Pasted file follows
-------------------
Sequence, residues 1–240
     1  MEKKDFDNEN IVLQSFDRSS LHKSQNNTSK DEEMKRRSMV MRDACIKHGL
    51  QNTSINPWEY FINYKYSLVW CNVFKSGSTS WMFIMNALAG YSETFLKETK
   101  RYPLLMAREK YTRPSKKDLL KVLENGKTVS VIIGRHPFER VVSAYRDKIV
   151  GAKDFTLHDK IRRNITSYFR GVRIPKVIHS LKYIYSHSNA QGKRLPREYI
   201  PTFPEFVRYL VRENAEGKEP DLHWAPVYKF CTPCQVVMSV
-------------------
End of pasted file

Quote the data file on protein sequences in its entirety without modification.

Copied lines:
Sequence, residues 1–240
     1  MEKKDFDNEN IVLQSFDRSS LHKSQNNTSK DEEMKRRSMV MRDACIKHGL
    51  QNTSINPWEY FINYKYSLVW CNVFKSGSTS WMFIMNALAG YSETFLKETK
   101  RYPLLMAREK YTRPSKKDLL KVLENGKTVS VIIGRHPFER VVSAYRDKIV
   151  GAKDFTLHDK IRRNITSYFR GVRIPKVIHS LKYIYSHSNA QGKRLPREYI
   201  PTFPEFVRYL VRENAEGKEP DLHWAPVYKF CTPCQVVMSV